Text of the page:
0 Art is listed by city lirst then by venue, running in alphabetical order. Please send details to Alice Bain not later than 10 days belore publication date.


0 ANNAN GALLERY 130 West (‘ampbell Street. 221 5087 8. Mon—Fri ‘)am—5pm Sat

‘).3()am— 1 2.30pm.

(ieneral selection of mainly Scottish work.

0 ART GALLERY & MUSEUM, KELVINGROVE 357 3‘)2‘). Mon—Sat 10am—5pm. Sun 1—5pm. Restaurant. [1)] Voluntary guides are available


Third Eye Centre, Glasgow and Filmhouse, Edinburgh.

Joseph McKenzie’s ‘Pages ol Experience’ begins with a sell-portrait aged 16 made in 1946 and ends with a 1987 tombstone. They are sell-absorbed rellections of his own lite and death.

But in between, the chapters ol both exhibition at Third Eye Centre and book published jointly by Third Eye and Polygon, are lull ol characters, made real by McKenzie‘s intense vision oi them and theirsurroundings. Like Bill Brandt, he claims lite lrom the

shadows, light from darkness.

As McKenzie has not exhibited publicly since the early seventies, this 40 year retrospective has the excitement at discovery. Images oi the Gorbals are shown lor the tirst time, children tilthy in the street and broken windows are placed right next to a contemporary view at the same area. The poverty and dereliction has hardly changed, comparing the lace ol the old tenements with the E-block ilats in 1986.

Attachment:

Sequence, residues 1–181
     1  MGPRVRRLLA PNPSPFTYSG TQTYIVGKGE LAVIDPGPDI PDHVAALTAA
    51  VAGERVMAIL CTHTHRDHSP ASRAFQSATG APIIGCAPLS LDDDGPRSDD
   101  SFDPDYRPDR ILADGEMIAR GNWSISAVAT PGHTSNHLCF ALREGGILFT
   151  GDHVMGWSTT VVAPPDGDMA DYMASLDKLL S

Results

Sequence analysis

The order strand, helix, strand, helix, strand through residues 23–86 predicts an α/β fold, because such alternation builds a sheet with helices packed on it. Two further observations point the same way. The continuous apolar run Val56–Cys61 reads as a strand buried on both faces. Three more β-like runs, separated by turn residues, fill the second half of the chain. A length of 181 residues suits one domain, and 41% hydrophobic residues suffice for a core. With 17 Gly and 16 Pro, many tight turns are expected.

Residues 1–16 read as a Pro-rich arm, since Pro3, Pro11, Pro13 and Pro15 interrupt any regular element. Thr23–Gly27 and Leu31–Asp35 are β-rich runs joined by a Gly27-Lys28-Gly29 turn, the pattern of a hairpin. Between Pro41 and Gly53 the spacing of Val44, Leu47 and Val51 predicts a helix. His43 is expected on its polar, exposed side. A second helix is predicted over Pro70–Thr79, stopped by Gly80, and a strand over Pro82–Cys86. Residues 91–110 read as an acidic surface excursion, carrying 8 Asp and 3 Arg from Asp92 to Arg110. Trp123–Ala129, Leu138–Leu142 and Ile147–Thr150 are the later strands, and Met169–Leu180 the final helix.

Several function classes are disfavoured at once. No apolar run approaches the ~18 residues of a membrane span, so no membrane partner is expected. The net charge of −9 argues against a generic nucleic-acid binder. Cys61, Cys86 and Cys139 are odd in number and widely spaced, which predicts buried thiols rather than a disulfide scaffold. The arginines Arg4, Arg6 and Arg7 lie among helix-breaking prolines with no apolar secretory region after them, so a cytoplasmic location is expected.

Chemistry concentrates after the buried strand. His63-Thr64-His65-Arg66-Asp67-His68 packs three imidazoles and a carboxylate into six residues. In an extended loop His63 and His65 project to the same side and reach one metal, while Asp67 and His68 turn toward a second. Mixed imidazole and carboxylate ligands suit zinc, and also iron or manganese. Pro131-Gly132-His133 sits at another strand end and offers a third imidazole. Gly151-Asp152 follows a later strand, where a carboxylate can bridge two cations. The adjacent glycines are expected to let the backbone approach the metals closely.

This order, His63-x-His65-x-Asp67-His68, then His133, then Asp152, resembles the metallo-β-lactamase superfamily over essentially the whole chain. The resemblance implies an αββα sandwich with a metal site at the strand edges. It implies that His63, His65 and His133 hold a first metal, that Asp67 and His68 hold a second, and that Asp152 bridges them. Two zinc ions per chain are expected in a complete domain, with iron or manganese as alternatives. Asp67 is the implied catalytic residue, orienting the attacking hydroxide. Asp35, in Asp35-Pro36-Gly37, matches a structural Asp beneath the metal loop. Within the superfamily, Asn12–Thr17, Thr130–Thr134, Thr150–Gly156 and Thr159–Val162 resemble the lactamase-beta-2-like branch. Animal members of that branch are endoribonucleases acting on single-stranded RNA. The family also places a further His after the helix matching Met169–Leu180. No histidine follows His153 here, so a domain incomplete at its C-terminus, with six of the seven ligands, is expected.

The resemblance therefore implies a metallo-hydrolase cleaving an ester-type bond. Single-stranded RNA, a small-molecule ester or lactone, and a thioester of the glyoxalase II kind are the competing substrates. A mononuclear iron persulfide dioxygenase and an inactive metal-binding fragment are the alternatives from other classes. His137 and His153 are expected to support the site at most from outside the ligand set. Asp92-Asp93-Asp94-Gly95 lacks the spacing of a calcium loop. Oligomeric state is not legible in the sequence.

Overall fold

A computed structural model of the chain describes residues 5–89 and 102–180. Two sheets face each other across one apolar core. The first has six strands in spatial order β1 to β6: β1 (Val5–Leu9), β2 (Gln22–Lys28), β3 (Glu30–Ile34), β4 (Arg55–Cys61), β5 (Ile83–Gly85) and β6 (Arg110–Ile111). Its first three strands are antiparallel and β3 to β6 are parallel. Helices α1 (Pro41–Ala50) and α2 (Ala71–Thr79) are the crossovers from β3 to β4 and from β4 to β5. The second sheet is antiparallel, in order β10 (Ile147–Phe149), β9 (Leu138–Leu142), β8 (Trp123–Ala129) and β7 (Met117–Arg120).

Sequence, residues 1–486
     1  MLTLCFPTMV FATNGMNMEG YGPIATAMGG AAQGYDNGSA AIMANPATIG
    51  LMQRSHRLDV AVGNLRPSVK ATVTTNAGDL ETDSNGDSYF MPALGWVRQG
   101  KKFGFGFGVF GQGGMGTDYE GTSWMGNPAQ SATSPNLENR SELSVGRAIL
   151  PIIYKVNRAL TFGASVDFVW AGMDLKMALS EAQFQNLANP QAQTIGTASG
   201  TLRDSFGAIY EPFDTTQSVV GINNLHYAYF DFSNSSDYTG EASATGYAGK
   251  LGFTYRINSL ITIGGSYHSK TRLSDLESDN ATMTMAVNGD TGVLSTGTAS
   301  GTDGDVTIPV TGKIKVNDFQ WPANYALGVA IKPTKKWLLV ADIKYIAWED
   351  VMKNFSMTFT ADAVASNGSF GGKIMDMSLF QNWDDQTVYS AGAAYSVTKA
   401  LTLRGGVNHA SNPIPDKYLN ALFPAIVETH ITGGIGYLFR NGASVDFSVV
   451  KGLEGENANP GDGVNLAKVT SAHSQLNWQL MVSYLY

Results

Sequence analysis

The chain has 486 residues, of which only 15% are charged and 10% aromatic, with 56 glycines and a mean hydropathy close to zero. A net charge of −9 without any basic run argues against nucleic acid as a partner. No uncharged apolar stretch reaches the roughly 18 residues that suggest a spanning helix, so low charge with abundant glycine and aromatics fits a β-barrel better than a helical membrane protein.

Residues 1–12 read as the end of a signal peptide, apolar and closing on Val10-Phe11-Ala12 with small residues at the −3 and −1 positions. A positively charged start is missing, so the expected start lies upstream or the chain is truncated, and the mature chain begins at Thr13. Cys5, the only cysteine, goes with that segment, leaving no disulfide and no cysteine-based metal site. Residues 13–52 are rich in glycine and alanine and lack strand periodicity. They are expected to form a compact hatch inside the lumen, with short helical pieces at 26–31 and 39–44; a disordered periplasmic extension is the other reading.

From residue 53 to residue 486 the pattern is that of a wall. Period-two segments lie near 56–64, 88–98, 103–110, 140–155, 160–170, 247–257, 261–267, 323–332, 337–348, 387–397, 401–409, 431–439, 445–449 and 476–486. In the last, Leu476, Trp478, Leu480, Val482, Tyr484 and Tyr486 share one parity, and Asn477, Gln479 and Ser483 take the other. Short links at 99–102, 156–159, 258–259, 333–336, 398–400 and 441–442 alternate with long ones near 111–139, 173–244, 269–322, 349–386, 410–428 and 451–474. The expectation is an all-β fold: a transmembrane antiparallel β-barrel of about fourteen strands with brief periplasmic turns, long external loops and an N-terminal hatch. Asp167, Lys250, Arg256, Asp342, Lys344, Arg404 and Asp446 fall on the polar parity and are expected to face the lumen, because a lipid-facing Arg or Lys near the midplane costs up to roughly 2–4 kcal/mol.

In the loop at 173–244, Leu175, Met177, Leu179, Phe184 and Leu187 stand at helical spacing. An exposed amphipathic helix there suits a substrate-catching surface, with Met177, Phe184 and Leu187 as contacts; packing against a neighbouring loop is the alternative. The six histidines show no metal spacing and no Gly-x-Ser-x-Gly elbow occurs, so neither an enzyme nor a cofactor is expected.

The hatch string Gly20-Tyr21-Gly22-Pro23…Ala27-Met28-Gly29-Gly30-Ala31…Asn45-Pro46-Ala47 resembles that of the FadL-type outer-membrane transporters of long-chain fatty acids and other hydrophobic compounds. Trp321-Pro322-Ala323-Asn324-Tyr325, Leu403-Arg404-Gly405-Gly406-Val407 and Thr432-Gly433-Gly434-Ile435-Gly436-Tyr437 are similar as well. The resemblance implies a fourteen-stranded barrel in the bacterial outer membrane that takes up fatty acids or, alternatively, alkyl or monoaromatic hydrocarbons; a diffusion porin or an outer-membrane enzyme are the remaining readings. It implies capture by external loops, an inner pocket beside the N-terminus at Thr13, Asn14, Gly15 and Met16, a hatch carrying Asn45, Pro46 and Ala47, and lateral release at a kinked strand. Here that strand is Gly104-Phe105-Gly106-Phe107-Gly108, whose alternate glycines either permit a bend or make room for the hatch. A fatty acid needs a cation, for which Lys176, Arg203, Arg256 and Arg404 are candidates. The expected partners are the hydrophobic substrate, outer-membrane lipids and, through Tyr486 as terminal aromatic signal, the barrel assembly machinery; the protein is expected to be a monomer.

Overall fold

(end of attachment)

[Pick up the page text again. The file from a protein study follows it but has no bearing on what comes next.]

But it is not topographical, nor even social detail which makes Joseph McKenzie's photographs the outstanding works which many at the hundreds in this show are. It is the emotion which McKenzie carefully coaxes lrom each print which draws out their complexity. Without tampering or stage-managing his subjects, he uses the medium at photography to translate their essence. Being a religious man, McKenzie might describe it as soul. Even inanimate objects are startineg revealing. The picture ot a man in a glossy magazine lies buried in the photographer’s compost heap. His

free ofcharge to conduct parties or individuals round the main galleries. ('ontact the enquiry desk.

Three ltalian Etchers Until Sun 30 Aug. The etchers are Rosa. better known as a painter. but here showing himself as able with elaborate figure-compositions. his Full oft/w (iicmrs ( 1663) being particularly fine; l’iranesi. friend of Robert Adam. and in no small part responsible for the development of neo-classicism; and Rossini who like I’iranesi illustrated the huge masses of masonary which comprised ancient Rome. but without his great skill. Incorporation of Glasgow Hammermen L'ntil Sun 30 Aug. 'I‘raditionally



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eyes are uncannin alive. So too are those of the model in a tatty Hawkhilt shop window. This elegantly humbled lady has the ironic cover girl position on the book. From the exhibition, 82 photographs have been selected lorthe book and each is magnilicently reproduced on a lull page. It is a monograph which will take its place with the best of British photographers. In Edinburgh, a photographer at the

other end of his career has a small

made up of men who worked with a hammer. the lncoporation has been extended to embrace all light and heavy engineering trades like shipbuilding.